[Haskell-cafe] Monad explanation
jonathanccast at fastmail.fm
Wed Feb 4 15:24:23 EST 2009
On Wed, 2009-02-04 at 22:16 +0200, Tymur Porkuian wrote:
> For me, the key to understanding monads was that monad is "a value
> that know how to apply functions to itself". Or, more correctly, a
> container that knows how to apply functions to whatever is inside it.
Close. (Monads are not `values' but types, but I'll let that slide).
Remembering that all Haskell functions take a single argument, but we
use currying to support an arbitrary number of arguments, we can arrange
the Monad type class hierarchy like this:
* Functor: A functor F allows a single function to be applied to a
single F value. Multiple arguments (or none) are not supported; the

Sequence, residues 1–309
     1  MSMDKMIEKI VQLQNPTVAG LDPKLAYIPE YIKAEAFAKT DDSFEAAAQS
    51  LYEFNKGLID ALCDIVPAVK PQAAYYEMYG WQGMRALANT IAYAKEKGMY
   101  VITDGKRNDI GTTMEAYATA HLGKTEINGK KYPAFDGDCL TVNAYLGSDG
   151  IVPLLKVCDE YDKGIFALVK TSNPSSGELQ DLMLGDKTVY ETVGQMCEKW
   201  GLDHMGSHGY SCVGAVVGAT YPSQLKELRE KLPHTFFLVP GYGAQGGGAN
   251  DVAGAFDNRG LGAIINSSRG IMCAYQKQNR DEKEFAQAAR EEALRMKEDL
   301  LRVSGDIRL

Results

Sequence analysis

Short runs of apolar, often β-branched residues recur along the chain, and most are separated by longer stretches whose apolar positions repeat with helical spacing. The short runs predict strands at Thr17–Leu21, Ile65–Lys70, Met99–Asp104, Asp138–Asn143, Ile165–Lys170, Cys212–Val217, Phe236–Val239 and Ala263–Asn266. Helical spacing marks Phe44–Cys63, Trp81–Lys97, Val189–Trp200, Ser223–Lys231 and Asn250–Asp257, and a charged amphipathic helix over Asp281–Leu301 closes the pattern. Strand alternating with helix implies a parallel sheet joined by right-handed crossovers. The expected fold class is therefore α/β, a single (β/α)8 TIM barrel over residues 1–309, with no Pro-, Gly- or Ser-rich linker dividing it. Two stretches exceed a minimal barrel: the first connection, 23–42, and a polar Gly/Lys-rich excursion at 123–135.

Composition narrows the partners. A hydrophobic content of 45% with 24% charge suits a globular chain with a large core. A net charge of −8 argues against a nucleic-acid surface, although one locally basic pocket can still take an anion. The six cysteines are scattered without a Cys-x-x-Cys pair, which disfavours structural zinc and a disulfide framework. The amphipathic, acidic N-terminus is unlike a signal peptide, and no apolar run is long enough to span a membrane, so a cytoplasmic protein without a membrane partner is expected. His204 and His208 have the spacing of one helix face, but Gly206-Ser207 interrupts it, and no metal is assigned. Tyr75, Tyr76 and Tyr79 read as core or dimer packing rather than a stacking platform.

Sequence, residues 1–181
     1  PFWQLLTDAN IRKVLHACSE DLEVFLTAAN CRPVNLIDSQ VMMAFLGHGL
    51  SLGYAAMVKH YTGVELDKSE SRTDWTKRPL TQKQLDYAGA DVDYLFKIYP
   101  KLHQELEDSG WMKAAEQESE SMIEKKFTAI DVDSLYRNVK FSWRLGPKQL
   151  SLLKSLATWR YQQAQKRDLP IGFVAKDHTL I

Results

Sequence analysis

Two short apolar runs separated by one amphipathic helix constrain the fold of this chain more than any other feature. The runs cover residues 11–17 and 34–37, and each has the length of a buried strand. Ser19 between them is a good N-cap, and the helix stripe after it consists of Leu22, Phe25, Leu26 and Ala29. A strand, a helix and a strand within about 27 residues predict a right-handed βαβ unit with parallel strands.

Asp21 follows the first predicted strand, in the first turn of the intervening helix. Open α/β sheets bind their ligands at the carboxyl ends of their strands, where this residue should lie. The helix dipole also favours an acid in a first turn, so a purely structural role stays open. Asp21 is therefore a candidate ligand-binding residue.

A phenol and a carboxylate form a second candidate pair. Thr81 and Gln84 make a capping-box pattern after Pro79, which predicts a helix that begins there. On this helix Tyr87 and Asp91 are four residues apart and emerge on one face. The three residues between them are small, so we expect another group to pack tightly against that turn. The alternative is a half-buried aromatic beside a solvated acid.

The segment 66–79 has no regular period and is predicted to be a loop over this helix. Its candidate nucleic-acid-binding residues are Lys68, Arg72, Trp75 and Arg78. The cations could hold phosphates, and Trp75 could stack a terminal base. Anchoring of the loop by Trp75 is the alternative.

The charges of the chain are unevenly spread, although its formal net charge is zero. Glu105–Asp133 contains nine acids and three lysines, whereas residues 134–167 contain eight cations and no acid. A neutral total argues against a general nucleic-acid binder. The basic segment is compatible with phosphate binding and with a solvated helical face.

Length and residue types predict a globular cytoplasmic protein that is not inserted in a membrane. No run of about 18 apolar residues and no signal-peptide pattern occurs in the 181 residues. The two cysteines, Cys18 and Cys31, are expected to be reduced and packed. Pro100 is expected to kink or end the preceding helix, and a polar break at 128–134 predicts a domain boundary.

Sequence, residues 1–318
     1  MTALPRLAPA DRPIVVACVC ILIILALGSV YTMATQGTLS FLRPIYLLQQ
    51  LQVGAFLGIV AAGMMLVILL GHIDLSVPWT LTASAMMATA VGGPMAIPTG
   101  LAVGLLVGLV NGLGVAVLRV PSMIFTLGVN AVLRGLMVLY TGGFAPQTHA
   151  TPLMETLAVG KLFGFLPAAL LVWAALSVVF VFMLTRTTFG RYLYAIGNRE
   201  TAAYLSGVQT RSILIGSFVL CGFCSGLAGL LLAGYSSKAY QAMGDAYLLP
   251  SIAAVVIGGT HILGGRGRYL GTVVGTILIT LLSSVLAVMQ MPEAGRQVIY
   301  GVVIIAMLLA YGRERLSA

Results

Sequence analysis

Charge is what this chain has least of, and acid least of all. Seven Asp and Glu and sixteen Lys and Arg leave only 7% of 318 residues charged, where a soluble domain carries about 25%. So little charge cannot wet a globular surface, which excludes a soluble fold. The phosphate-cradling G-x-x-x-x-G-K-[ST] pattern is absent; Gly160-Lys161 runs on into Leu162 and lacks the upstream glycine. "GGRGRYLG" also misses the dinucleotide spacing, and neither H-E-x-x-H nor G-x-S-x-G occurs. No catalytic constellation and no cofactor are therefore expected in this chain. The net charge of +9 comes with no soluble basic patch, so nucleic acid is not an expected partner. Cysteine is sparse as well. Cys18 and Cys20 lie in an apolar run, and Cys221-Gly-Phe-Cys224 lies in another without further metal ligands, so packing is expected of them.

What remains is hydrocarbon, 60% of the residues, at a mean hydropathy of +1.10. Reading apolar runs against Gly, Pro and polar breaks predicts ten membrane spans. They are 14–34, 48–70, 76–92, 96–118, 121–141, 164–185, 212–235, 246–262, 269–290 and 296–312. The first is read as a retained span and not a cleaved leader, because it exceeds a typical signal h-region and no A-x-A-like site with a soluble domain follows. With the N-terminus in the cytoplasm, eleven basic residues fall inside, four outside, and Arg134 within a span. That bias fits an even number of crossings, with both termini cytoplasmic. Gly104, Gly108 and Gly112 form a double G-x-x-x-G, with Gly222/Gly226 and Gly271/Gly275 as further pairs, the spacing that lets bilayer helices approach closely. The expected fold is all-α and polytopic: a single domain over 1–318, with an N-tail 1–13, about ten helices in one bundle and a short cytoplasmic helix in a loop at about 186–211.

definition of application does what you probably *don't* want if the
function returns an F value itself.
* Applicative: An applicative functor A allows a function of n arguments
(for n >= 0) to be applied to n A values. However, the definition of
application does what you probably *don't* want if the function returns
an A value itself.
* Monad: A monad M allows a function of n arguments (for n >= 0) to be
applied to n M values; in addition, if the function returns an M value
itself, you can combine that result with the arguments in a sensible
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